If we want to find our proper place in the grand scheme of things, we first have to get a sense of the grand scheme of things. In other words, if we wish our life to really fall into place, we need to go far beyond our usual conception of what this life is. Fortunately this is not difficult to do: we just need to find the time to sit still and look in. And then, if we have the courage to go beyond what we are familiar with, it turns out that this life is, in fact, the life of everyone and everything. From that vantage point, it is so much easier to discover what our function really is and how we might take responsibility for it. In my own experience, finding one’s true role in life is the most wonderful thing.
So it would be best if we were willing to regularly switch our focus from our individual life to our universal life and then back again. We can so easily get lost in either the smaller or the greater picture. This means that in our practice we are first responsible for the cultivation of our own life but, as we are also members of a community, we must also bear responsibility for the cultivation of that community. This pattern expands in ever-wider circles. How about “our” practice in The Netherlands, in Europe, and beyond? Next week, we will welcome a large group of Chinese monks and lay-people here and they may just see us as “Western” Buddhists. If so, we are suddenly responsible for Buddhist practice in the West.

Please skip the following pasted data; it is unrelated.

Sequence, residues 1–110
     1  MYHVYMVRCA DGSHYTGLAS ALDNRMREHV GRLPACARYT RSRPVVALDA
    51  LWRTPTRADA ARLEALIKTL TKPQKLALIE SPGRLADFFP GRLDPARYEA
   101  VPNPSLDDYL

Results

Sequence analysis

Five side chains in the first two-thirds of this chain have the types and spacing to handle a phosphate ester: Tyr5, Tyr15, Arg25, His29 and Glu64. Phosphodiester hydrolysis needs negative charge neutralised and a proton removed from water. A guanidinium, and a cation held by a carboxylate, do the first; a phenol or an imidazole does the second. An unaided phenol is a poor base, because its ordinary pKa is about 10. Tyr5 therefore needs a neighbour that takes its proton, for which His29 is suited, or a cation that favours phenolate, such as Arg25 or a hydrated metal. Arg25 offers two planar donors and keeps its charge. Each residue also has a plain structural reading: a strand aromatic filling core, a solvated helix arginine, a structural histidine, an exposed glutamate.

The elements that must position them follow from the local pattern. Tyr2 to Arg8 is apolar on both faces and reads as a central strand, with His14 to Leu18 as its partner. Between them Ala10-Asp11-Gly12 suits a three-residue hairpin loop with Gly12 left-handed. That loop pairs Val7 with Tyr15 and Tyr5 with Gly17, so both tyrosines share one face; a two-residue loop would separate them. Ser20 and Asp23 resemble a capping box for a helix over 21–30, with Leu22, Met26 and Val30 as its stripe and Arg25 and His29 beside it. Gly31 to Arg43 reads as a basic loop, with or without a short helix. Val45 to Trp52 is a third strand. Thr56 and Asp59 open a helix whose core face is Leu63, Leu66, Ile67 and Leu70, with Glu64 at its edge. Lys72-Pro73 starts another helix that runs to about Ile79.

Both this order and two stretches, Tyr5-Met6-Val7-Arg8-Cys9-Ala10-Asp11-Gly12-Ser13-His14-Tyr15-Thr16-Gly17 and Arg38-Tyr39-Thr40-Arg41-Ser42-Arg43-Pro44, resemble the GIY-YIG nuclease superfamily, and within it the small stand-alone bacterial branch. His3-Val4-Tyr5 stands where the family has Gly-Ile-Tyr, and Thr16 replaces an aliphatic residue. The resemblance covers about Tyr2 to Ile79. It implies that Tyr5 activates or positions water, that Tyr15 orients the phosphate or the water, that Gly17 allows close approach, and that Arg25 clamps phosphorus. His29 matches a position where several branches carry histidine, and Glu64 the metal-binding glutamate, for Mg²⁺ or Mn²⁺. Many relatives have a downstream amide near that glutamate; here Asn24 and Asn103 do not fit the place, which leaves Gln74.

Of course, each one of us can have his or her own highly individual Dharma function, yet simultaneously we all have something to offer towards the cultivation of the Dharma throughout space and time. As far as I can see, there is plenty of work for all of us.